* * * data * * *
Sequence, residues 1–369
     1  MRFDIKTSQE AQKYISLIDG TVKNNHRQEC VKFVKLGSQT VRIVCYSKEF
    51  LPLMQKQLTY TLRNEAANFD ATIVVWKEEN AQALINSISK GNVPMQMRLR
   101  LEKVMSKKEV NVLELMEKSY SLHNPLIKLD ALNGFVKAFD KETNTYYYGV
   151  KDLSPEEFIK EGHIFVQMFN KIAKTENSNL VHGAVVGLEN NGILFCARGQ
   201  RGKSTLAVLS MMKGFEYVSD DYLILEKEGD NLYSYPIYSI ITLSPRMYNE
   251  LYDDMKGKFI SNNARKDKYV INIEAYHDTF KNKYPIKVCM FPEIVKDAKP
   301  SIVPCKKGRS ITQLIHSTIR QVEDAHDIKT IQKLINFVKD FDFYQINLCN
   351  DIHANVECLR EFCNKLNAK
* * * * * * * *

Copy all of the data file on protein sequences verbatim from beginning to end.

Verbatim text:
Sequence, residues 1–369
     1  MRFDIKTSQE AQKYISLIDG TVKNNHRQEC VKFVKLGSQT VRIVCYSKEF
    51  LPLMQKQLTY TLRNEAANFD ATIVVWKEEN AQALINSISK GNVPMQMRLR
   101  LEKVMSKKEV NVLELMEKSY SLHNPLIKLD ALNGFVKAFD KETNTYYYGV
   151  KDLSPEEFIK EGHIFVQMFN KIAKTENSNL VHGAVVGLEN NGILFCARGQ
   201  RGKSTLAVLS MMKGFEYVSD DYLILEKEGD NLYSYPIYSI ITLSPRMYNE
   251  LYDDMKGKFI SNNARKDKYV INIEAYHDTF KNKYPIKVCM FPEIVKDAKP
   301  SIVPCKKGRS ITQLIHSTIR QVEDAHDIKT IQKLINFVKD FDFYQINLCN
   351  DIHANVECLR EFCNKLNAK